Future of Recreational Marijuana in Connecticut Still Unclear
Last year, the Democrats in Connecticut swept toward historic victories in the House, Senate, and Governor’s Office—positioning themselves to enact a series of new progressive reforms in the 2019 legislative session. For the first time in decades, and in one case nearly a century, Democrats claimed new seats in the traditionally Republican stronghold of Fairfield county. Attributing their wider margin to a “blue wave,” the majority party began the session with renewed energy and a fresh perspective. Among their biggest priority was the desire to join ten other states and Washington D.C. in the legalization of recreational marijuana. Three joint committees, (1) Finance, Revenue, and Bonding; (2) General Law; and (3) Judiciary all voted in favor of proposals to legalize and sent them to the House and Senate for consideration.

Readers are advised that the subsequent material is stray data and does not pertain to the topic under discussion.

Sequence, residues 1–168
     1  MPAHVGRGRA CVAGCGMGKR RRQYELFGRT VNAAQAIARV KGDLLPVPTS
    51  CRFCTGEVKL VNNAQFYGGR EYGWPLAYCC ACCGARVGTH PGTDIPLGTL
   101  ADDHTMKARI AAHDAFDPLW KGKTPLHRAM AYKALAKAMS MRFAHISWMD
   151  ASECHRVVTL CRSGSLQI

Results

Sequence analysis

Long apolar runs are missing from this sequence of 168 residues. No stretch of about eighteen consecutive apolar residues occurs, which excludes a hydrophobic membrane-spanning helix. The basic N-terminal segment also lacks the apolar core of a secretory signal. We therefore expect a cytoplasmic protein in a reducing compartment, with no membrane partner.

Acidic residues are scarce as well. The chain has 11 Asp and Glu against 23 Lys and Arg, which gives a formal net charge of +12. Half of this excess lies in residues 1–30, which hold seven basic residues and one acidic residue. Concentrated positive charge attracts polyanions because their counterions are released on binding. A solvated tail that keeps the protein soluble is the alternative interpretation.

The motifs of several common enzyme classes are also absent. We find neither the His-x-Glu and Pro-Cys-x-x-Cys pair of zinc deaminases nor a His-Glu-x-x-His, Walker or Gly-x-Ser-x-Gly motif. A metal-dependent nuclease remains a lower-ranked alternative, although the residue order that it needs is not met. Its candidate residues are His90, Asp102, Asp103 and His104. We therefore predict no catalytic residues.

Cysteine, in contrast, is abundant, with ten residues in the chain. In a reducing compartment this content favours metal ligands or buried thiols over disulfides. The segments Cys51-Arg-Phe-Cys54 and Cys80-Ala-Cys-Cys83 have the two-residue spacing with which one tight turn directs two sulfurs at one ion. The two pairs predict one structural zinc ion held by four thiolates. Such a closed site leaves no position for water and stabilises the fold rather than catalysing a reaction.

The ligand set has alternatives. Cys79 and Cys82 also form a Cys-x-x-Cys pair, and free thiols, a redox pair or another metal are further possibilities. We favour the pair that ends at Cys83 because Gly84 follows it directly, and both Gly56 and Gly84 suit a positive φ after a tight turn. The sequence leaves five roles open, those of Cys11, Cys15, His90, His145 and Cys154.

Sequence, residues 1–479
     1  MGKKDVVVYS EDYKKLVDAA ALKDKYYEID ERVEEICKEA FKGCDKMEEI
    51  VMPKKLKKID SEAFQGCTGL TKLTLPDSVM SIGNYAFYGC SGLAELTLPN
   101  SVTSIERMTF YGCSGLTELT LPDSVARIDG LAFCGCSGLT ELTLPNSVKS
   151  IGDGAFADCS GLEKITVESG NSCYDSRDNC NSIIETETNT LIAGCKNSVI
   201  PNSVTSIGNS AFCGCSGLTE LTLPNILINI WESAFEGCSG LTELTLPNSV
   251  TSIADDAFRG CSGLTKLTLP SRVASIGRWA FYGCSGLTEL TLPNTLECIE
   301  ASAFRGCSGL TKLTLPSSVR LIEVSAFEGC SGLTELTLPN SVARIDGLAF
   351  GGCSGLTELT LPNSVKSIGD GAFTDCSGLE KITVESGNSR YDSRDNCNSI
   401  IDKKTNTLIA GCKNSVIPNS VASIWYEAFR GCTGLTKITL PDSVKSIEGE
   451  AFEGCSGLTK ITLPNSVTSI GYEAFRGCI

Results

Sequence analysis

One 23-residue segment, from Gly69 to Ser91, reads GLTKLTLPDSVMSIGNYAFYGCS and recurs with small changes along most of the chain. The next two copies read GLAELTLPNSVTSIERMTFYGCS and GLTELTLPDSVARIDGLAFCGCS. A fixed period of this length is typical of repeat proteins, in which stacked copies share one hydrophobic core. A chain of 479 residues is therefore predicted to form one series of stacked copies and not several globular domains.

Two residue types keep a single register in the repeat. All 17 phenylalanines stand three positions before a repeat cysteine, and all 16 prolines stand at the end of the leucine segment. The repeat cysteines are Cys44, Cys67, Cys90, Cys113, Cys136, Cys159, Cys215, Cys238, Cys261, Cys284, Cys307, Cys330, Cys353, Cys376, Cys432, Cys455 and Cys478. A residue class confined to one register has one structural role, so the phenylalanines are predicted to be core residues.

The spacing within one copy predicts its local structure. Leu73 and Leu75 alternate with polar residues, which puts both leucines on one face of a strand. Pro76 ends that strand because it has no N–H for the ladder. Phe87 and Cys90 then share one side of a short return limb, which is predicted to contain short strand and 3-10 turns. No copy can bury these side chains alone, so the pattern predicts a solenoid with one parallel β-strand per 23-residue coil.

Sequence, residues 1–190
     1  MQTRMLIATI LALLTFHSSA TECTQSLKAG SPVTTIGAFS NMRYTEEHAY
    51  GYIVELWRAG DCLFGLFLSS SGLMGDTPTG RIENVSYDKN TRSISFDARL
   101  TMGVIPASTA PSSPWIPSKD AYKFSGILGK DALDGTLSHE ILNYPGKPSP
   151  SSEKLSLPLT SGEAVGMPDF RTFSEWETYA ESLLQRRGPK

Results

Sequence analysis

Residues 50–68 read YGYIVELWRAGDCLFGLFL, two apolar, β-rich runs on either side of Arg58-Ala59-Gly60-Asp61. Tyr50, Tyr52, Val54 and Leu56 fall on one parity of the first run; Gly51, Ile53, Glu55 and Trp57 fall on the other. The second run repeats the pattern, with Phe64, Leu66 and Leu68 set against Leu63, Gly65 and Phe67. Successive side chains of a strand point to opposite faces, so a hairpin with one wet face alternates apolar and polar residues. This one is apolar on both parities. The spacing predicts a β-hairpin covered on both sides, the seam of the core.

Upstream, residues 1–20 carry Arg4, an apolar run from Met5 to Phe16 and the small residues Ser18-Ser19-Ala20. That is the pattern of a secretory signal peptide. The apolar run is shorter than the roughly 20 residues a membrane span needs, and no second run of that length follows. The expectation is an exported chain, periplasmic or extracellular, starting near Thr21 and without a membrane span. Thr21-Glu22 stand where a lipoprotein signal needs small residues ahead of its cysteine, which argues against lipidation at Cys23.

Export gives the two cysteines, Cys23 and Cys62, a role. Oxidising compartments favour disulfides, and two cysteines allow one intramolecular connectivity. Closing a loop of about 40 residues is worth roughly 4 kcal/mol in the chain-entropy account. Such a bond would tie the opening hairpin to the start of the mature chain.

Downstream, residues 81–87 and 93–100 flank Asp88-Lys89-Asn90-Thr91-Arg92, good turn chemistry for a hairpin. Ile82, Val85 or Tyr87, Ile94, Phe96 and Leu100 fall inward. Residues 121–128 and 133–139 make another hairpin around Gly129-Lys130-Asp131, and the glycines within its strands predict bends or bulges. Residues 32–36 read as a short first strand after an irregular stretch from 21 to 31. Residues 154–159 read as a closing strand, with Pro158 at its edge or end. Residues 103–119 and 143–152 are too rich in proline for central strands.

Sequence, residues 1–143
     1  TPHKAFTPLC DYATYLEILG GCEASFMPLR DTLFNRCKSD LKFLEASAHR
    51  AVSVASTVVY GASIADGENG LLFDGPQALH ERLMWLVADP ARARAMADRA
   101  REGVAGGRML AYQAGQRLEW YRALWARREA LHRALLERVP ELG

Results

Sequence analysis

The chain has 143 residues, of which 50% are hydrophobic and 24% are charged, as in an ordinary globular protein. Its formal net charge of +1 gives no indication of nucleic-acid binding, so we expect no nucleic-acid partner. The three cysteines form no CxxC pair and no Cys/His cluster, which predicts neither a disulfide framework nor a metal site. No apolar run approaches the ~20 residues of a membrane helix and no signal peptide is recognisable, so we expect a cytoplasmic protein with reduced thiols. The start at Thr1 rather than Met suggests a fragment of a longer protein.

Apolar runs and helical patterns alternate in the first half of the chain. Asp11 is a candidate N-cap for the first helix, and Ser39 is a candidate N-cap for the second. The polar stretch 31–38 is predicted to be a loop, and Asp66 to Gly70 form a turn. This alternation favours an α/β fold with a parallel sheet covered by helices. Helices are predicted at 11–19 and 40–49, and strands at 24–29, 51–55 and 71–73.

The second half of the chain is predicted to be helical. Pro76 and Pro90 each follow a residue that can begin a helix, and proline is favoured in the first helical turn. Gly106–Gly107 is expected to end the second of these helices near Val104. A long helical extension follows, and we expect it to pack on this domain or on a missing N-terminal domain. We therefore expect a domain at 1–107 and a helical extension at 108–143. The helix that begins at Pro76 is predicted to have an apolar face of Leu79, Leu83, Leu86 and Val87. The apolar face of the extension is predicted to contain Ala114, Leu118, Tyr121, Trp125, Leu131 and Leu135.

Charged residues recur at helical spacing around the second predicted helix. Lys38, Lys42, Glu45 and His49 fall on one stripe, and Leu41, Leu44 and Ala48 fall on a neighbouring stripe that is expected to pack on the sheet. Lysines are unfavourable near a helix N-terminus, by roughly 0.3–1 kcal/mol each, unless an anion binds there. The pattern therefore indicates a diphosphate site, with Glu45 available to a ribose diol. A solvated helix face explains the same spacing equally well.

Connecticut is a part time legislature, running January through June in an odd-numbered year and February through May in an even-numbered year. The House and Senate adjourned on June 5th, and expect to gavel in to a special session with a number of priorities remaining. While it once seemed inevitable that Connecticut would legalize recreational marijuana, its future in the state is unclear. Most observers speculate that the state is just not ready. If that is true, the measure is also unlikely to pass in 2020 given its controversial nature in what’s expected to be a contentious election year. To be successful, advocates need a multi-disciplinary campaign to help educate the public and overcome stigma to garner support for or neutralize opposition to recreational marijuana. All proposals may still be on the table, but it’s going to take a comprehensive advocacy strategy for recreational marijuana to become legal in Connecticut.